members with combat-related injuries while also educating

the next generation of military medicine professionals.

The Bridging Advanced Developments for Exceptional

Rehabilitation (BADER) Consortium was developed as

a research capacity building program to further establish

research infrastructures and investigators at DoD and VA sites

and to launch a series of multiteam clinical research initiatives.

These programs operate independently, but they are

designed to be interdisciplinary and collaborative in nature.

This complementary approach is re

flective of the efforts by

the DoD to address the complex health needs of the combat

wounded before they reach the VA, which has already had

an established amputee and rehabilitation science program.

Together, they provide a unique opportunity to strengthen

DoD/VA research programs and in

fluence the long-term

direction of care for this unique patient population.

It is an approach that is working, as evidenced by a 2015

report by the Defense Health Board on the sustainment and

advancement of amputee care.

3

It found that the DoD is



“leading the Nation and the world in extremity trauma and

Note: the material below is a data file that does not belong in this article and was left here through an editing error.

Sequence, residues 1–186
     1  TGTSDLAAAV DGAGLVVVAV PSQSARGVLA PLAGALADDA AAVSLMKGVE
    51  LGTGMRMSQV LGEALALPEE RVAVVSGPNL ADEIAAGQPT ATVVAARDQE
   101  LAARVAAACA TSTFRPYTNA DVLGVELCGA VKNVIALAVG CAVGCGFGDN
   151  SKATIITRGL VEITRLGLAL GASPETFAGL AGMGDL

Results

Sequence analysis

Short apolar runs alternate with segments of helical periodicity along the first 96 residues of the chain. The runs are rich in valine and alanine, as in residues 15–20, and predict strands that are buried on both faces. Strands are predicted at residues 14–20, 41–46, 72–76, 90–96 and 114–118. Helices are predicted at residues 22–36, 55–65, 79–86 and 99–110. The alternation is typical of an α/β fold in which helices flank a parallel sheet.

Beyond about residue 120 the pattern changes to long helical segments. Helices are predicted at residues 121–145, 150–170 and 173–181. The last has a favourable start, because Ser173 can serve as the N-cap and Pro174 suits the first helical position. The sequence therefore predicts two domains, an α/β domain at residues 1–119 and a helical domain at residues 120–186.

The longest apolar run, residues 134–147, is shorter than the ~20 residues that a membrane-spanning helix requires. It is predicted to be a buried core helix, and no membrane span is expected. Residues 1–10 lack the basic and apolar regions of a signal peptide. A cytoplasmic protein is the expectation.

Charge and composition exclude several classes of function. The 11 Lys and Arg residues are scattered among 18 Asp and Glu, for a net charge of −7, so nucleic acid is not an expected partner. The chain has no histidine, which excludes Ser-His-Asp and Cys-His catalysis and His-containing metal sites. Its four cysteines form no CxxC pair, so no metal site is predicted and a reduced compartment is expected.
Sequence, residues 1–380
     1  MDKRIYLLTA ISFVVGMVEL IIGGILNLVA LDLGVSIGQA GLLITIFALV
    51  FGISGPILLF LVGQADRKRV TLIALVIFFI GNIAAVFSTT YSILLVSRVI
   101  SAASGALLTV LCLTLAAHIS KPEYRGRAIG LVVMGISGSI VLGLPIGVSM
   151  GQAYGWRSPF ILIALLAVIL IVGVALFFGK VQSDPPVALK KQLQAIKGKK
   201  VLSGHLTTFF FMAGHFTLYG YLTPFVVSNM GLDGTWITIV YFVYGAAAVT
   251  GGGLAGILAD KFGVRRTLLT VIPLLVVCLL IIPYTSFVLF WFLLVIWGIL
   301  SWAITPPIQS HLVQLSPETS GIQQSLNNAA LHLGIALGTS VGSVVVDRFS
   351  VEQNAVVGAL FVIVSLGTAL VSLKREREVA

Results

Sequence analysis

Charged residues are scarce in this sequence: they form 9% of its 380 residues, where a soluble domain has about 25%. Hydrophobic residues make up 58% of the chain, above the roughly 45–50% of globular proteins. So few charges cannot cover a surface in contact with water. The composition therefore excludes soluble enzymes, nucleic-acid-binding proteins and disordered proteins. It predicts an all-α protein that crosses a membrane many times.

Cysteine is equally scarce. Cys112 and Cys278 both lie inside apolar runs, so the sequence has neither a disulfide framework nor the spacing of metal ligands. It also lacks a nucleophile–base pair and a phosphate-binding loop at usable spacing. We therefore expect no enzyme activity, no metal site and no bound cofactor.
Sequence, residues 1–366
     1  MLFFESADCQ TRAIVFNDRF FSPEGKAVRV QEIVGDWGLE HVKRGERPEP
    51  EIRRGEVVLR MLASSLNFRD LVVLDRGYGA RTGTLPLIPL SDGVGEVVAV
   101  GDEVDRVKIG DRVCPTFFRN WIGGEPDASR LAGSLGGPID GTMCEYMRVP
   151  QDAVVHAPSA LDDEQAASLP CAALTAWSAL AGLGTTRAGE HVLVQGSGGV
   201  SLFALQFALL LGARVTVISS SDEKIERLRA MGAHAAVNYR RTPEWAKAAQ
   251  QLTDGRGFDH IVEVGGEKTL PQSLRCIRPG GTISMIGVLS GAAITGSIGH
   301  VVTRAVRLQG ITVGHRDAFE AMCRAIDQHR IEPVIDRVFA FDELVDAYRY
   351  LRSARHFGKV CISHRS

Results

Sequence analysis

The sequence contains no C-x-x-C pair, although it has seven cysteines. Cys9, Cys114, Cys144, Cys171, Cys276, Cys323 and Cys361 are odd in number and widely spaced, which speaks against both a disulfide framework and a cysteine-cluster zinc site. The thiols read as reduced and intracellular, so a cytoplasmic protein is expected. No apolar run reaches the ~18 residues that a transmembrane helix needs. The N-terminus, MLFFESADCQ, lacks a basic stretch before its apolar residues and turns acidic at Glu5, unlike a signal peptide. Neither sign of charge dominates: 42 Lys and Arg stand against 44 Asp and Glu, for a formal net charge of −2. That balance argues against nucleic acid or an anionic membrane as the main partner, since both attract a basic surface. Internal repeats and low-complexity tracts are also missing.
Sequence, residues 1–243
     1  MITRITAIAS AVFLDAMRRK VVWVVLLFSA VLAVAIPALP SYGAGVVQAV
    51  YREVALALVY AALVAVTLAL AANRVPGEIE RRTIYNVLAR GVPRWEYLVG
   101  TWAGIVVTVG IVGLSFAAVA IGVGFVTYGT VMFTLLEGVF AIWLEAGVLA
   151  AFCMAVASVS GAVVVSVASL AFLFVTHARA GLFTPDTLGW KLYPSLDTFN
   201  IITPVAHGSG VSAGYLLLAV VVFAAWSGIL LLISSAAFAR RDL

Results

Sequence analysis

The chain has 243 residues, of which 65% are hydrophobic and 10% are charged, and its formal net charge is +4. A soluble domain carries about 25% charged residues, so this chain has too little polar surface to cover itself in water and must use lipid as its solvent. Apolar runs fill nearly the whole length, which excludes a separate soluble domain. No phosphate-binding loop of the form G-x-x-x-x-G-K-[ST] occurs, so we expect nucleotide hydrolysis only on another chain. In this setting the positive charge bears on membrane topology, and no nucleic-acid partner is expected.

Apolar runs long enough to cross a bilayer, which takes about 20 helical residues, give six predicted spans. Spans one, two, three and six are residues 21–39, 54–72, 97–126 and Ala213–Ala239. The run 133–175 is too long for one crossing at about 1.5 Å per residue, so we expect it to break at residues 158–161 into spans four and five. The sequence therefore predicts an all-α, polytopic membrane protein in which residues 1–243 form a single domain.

amputee science and care through its infrastructure, systems

and approach.

” That same report also reiterated the need

for collaborations between institutions, practitioners, and

researchers across disciplines and organizations in order to

sustain these advancements.

Whether it is team members from the EACE and the

BADER Consortium embedding at military treatment facilities

(MTFs) to help answer clinically relevant questions and support

research in high-priority areas or CRSR staff working to

de

fine and validate rehabilitation strategies for injured service



members,

the focus

remains

constant


—to help these

wounded warriors get back to the life they were living

before their traumatic injuries.

By working collaboratively, researchers do not have to

give up their autonomy. Indeed, each domain of rehabilita-

tion care can and should be able to work independently.

The resultant creativity and energy is evidenced by the

myriad of research projects already underway at MTFs and

VA centers around the country. These researchers are not

constrained by working toward the same goal

—helping

patients regain their highest functional levels

—but rather,

they are empowered to meet those goals in different ways.

One project funded by the Defense Medical Research and

Development Program and supported by the EACE and

BADER focused on preventing falls in service members

with amputations through the use of advanced rehabilitation

training.

4

At CRSR, they are



finding improvements in pain

management strategies that can improve the quality of life

for patients with severe combat injuries. The BADER Con-

sortium supports the goal of optimal outcomes by providing

needed administrative assistance and infrastructure support

to help address important gaps in clinical orthopedic rehabil-

itation research and patient care.

Thought Leadership and Innovation Foundation, 16775 Whirlaway

Court, Leesburg, VA 20176.

doi: 10.7205/MILMED-D-16-00314

MILITARY MEDICINE, Vol. 181, November/December Supplement 2016

1